RE: Plotting ellipses and other functions

*To*: mathgroup at smc.vnet.net*Subject*: [mg37046] RE: [mg37026] Plotting ellipses and other functions*From*: "David Park" <djmp at earthlink.net>*Date*: Mon, 7 Oct 2002 05:24:57 -0400 (EDT)*Sender*: owner-wri-mathgroup at wolfram.com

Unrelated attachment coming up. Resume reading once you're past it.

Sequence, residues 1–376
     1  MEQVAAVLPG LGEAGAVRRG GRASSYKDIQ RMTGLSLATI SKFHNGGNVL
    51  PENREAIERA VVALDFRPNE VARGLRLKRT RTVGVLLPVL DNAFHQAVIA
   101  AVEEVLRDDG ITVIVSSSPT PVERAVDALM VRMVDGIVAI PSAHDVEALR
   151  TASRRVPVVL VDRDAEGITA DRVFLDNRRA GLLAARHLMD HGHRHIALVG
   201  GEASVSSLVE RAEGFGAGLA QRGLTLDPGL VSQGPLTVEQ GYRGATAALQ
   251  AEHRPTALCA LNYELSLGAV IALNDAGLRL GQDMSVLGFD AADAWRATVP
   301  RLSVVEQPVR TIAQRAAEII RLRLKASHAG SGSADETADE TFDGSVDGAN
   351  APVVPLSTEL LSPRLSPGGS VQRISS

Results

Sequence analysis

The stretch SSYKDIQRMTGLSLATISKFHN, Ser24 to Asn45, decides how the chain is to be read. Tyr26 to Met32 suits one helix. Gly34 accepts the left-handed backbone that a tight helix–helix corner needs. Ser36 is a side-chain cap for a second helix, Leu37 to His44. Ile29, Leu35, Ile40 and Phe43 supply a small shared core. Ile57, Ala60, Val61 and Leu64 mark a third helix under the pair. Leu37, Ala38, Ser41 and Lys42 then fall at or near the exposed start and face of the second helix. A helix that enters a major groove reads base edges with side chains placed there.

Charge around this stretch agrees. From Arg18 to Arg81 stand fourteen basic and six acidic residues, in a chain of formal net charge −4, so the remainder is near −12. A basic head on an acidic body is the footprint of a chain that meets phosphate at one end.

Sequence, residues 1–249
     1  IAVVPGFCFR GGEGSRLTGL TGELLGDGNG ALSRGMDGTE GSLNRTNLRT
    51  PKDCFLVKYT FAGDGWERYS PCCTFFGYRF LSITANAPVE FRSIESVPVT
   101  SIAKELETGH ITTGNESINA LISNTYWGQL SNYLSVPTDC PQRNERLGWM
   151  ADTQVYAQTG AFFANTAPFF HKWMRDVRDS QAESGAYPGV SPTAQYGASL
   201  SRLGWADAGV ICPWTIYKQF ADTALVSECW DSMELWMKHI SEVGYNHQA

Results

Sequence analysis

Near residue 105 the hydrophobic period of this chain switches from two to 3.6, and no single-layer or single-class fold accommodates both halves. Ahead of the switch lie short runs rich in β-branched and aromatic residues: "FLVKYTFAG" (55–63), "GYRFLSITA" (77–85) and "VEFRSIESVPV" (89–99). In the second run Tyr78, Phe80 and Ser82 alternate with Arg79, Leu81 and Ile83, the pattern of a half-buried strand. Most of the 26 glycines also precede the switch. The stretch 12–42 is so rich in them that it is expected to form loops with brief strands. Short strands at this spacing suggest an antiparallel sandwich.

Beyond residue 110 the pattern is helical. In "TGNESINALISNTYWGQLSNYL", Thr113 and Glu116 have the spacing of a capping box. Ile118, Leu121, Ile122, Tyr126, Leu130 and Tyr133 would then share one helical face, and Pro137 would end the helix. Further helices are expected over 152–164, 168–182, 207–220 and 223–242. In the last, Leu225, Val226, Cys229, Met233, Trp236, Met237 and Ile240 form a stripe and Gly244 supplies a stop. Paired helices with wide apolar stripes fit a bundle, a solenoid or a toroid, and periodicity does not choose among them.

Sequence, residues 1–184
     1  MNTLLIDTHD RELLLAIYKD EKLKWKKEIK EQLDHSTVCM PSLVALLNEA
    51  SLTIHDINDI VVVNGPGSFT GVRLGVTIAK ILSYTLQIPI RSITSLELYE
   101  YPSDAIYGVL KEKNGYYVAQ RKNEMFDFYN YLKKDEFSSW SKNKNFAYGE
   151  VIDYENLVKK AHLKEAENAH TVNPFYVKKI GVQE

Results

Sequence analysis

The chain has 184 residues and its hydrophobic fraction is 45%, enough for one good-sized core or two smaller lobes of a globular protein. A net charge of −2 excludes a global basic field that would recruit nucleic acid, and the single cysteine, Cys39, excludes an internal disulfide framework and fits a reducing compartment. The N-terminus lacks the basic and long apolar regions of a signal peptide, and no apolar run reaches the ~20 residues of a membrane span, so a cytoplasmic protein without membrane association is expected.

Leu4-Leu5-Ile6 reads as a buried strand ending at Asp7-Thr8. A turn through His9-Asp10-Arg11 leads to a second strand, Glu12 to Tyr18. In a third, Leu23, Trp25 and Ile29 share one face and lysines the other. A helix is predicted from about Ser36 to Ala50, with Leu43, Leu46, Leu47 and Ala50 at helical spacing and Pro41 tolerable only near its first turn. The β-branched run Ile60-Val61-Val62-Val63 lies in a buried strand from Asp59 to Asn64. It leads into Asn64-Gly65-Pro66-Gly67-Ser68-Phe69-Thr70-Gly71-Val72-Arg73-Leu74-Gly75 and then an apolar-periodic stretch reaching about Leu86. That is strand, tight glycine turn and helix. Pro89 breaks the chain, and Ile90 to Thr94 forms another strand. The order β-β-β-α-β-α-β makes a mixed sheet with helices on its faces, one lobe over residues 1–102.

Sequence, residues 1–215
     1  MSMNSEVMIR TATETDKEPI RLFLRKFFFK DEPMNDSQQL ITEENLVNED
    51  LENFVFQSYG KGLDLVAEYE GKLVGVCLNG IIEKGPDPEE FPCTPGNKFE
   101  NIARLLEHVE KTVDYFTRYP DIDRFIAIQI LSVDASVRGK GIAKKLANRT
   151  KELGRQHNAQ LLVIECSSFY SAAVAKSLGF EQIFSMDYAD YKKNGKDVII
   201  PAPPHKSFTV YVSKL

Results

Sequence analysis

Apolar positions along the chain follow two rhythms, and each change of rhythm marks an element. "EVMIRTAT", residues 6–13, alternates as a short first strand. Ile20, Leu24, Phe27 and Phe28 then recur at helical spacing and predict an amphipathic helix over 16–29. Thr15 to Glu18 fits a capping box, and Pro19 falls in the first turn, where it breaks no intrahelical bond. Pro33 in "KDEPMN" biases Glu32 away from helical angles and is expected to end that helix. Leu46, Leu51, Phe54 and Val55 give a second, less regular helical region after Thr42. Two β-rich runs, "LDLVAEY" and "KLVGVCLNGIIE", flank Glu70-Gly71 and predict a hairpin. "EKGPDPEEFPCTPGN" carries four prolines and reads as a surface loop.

David, To plot equations like that, simply use ImplicitPlot. Needs["Graphics`ImplicitPlot`"] ImplicitPlot[(x - 2)^2 + 2(y - 3)^2 == 6, {x, -1, 5}, {y, 1, 5}]; ImplicitPlot[x^3*y + y^3 == 9, {x, -10, 10}, {y, -10, 10}]; You may have to fish a little to obtain the appropriate x and y ranges. Start by making them larger and then narrow down to the region that you want. I have put a new package at my web site for solving conic section problems in the plane. You can solve for complete information on any conic section and obtain a parametric representation for plotting it. The package also comes with complete Help documentation and examples. Using your first example (the second is not a conic). Needs["ConicSections`ConicSections`"] eqn = (x - 2)^2 + 2(y - 3)^2 == 6; The routine ParseConic will take any quadratic equation and return the scale a, eccentricity e, a parametrization, and rotation matrix P, translation T and reflection matrix R that transforms the conic from standard position to its actual position. (In standard position the conic has its foci and verticies on the x-axis with the center at zero.) {{a, e}, curve[t_], {P, T, R}} = ParseConic[eqn] {{Sqrt[6], 1/Sqrt[2]}, {2 + Sqrt[6]*Cos[t], 3 + Sqrt[3]*Sin[t]}, {{{1, 0}, {0, 1}}, {2, 3}, {{1, 0}, {0, 1}}}} We could then plot the curve using ParametricPlot, which is more efficient and controllable. ParametricPlot[Evaluate[curve[t]], {t, -Pi, Pi}, AspectRatio -> Automatic, Frame -> True, Axes -> None, PlotLabel -> eqn]; Knowing a and e we can use the StandardConic routine to obtain all the information about the conic in standard position as a set of rules. standarddata = StandardConic[{a, e}] {conictype -> "Ellipse", conicequation -> x^2/6 + y^2/3 == 1, coniccurve -> {Sqrt[6]*Cos[t], Sqrt[3]*Sin[t]}, coniccurvedomain -> {-Pi, Pi}, coniccenter -> {0, 0}, conicfocus -> {{Sqrt[3], 0}, {-Sqrt[3], 0}}, conicdirectrix -> {x == -2*Sqrt[3], x == 2*Sqrt[3]}, conicvertex -> {{Sqrt[6], 0}, {-Sqrt[6], 0}}} routine to obtain the same information for the conic in its actual position. standarddata // TransformEllipseRules[P, T, R] {conictype -> "Ellipse", conicequation -> (1/6)*((-2 + x)^2 + 2*(-3 + y)^2) == 1, coniccurve -> {2 + Sqrt[6]*Cos[t], 3 + Sqrt[3]*Sin[t]}, coniccurvedomain -> {-Pi, Pi}, coniccenter -> {2, 3}, conicfocus -> {{2 + Sqrt[3], 3}, {2 - Sqrt[3], 3}}, conicdirectrix -> {2*Sqrt[3] + x == 2, x == 2*(1 + Sqrt[3])}, conicvertex -> {{2 + Sqrt[6], 3}, {2 - Sqrt[6], 3}}} David Park djmp at earthlink.net http://home.earthlink.net/~djmp/ From: David [mailto:davidol at hushmail.com] To: mathgroup at smc.vnet.net How can I plot functions like: (x-2)^2 + 2(y-3)^2 = 6 and x^3y + y^3 = 9 using Mathematica?